From schooling to healthcare, parents feel kids deserve the best, whether they can afford it or not. That’s likely why the kids’ sports industry takes in a whopping $15.3 billion annually. But when it comes to some kids sports, the costs can really add up. There are plenty of athletic activities — soccer for instance — that don’t tank the old college savings account and simply cost time. But there are some sports that cost a bit more than cleats, shin guards and a few precious weekends. So parents should take heed: these are the big three sports that might put a glimmer in a kid’s eye but blow a massive hole in a parent’s bank account.
If your kid can’t stop looking at Gretzky highlights, parents might be in for some financial duress. Between the equipment and ice time, they can expect to shell out some serious dough. Plus, as Michael Schupak, CFP, of Schupak Financial Partners points out, “You can get stuck with really odd ice time hours, like 7:00 AM on a Sunday.” And as it’s often said, time is money.
There are numerous stories out there about the high cost of youth hockey. High-end skates can cost up to $1,000, and sticks up to $280. Never mind all the pads and helmets. According to a Utah State survey, a family can expect to spend an average of around $7,000 a year on youth ice hockey—with an upper limit that hits close to $20,000.
Fix your teen's smile.
Crowding. Spacing. Overbites and underbites. Open bites and crossbites. In the hands of an experienced doctor, Invisalign treatment can fix all kinds of teen smiles.
And if a kid wants to travel for the sport, parents can expect costs to soar. “You can hit the $10,000 mark in a years’ time for an involved hockey travel league, not including the time you have devoted,” says Marie Thomasson, financial adviser and founder of Modern Assets. “I’ve even met kids under 10 who travel internationally to play golf. These kids have parents who are willing to bet the farm on scholarships and future careers in sports, or have the means to make this happen the way I take my kids to get ice cream.”
Indeed, you shouldn’t go into ice hockey and immediately bet on a scholarship. Only 10% or so of high school ice hockey players play in college.
No equipment, no problem, right? Well, that’s not quite the case, as parents will discover when their child wants to take up gymnastics. “This sport starts out pricey but palatable,” says Thomasson. “Just wait. The second your child gets the itch, you’ll be negotiating with former Olympic athletes on training fees. Not to mention the travel costs.”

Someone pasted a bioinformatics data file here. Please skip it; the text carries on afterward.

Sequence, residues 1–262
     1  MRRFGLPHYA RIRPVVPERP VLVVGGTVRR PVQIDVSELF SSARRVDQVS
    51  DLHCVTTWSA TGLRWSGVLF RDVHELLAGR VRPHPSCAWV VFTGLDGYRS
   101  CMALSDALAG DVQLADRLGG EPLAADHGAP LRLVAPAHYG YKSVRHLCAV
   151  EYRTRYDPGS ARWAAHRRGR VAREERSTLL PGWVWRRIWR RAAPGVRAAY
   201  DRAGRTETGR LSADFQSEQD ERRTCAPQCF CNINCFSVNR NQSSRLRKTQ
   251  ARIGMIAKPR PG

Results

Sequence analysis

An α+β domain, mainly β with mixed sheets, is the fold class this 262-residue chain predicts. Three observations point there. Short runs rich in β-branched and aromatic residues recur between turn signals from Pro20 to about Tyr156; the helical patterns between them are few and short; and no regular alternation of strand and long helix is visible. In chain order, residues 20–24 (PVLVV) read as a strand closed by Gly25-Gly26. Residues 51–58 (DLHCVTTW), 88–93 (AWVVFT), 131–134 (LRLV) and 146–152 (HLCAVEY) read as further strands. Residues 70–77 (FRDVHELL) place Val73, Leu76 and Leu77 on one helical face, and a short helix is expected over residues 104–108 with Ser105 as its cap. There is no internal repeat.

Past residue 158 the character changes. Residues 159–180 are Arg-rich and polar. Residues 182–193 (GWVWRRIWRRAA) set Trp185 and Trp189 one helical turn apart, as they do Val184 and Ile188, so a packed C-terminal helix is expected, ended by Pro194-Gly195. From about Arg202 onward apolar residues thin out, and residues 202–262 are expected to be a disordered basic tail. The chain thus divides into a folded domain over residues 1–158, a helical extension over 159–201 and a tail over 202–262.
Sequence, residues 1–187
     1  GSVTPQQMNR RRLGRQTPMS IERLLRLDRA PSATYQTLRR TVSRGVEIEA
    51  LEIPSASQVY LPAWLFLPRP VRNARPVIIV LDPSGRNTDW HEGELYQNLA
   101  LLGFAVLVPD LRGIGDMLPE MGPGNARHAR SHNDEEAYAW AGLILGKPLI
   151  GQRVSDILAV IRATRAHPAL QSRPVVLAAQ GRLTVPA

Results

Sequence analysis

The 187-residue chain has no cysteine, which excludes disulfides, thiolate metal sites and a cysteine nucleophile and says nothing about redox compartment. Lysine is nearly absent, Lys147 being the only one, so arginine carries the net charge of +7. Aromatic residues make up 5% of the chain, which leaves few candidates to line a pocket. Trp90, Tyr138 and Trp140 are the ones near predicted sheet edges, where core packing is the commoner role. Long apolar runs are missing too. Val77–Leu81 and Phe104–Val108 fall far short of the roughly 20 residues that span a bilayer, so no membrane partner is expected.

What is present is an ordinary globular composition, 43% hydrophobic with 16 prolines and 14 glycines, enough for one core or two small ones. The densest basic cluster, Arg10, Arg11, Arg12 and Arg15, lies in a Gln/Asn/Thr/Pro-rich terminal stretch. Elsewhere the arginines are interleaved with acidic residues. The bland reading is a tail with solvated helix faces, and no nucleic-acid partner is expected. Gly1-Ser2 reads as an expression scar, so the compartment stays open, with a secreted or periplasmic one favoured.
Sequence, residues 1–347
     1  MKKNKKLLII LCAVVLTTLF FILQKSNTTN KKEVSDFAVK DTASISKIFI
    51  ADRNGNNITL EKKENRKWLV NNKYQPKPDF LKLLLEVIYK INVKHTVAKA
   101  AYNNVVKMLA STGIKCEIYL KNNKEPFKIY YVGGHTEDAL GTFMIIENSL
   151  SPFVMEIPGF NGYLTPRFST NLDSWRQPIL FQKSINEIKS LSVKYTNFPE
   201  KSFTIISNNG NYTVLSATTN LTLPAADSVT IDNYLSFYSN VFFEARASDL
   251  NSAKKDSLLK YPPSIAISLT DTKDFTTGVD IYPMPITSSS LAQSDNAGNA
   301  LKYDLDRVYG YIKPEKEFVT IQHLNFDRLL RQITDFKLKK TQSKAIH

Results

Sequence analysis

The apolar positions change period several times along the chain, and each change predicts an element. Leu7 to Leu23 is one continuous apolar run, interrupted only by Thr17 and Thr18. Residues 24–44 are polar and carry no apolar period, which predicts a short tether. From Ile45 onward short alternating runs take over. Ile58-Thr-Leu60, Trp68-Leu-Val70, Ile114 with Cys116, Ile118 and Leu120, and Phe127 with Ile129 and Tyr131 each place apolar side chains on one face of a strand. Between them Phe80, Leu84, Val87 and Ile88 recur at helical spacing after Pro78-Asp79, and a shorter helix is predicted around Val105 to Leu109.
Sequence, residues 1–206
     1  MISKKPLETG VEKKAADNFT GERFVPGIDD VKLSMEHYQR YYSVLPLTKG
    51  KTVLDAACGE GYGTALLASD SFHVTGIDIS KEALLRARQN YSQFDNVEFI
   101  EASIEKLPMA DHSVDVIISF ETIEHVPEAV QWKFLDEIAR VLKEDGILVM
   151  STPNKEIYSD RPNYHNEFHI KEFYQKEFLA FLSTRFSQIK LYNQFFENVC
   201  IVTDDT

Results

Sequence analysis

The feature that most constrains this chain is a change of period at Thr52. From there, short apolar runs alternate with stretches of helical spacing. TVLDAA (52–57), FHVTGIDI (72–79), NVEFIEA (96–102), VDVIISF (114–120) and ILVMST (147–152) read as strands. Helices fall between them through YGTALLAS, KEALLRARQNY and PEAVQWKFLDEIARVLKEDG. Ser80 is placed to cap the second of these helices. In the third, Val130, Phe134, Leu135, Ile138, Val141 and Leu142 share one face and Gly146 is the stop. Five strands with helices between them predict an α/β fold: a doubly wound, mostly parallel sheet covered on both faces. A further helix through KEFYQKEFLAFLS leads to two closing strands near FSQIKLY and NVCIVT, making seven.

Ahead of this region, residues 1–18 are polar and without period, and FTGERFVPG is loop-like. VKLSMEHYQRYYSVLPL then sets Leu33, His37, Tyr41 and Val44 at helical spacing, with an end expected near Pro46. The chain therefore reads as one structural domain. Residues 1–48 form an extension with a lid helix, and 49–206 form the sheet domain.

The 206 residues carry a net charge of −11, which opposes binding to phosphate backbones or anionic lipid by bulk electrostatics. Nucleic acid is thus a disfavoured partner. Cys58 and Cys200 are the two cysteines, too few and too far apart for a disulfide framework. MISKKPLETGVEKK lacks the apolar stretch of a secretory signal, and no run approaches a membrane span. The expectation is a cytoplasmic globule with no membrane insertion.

Gymnastics is the prime example of a sport where the weekly lessons are the driving financial issue for a family. Recreational classes start at about $20 per class — no problem! — but once a kid wants to get competitive, lesson costs can escalate to $300 per month. Intensive camp? $500, please. Taken with travel and over time, the costs of gymnastics can really add up. Plus, parents will still probably have to save for college; only about 14 women’s and 16 men’s athletic scholarships are awarded at 85 schools.
Horse ownership is essential. And horses are not cheap. The average cost of a horse can vary wildly, but generally, it starts around $1,350 and goes all the way up to $10,000 for people who don’t have all the right tack right in the beginning, including bridals, saddles, brushes, bits and reins.
Horseback riding is typically known for being a rich kid’s game, and there’s a good reason besides owning a horse. “Lessons can set you back $85 an hour, but once you get past a canter, you’re looking at unbridled costs: even a free horse will cost you an arm and a leg to maintain, along with a place to keep the horse, vets, trainers, and of course, travel to competitions that now includes carting around a horse,” says Thomasson.
Oh, and the competitions aren’t exactly the cheapest to enter either: competition fees start at $500. Only 17 schools offer equestrian scholarships—so parents can’t even safely bank on a kid getting into college for free. All in all, when a child says, “Daddy, can I have a pony?” parents better pray they mean the “My Little” kind.